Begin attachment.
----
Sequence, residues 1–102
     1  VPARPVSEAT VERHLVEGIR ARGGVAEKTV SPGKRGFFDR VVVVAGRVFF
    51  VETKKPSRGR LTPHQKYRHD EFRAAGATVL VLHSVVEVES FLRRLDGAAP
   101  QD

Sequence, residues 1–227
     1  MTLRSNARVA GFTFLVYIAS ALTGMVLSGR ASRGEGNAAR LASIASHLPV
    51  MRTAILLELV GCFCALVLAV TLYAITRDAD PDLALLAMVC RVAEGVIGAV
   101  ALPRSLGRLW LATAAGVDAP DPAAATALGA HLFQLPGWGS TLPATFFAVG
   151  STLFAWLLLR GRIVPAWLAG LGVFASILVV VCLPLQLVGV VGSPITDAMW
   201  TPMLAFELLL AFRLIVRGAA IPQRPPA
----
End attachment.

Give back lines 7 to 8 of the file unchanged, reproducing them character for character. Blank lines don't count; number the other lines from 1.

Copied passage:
    51  MRTAILLELV GCFCALVLAV TLYAITRDAD PDLALLAMVC RVAEGVIGAV
   101  ALPRSLGRLW LATAAGVDAP DPAAATALGA HLFQLPGWGS TLPATFFAVG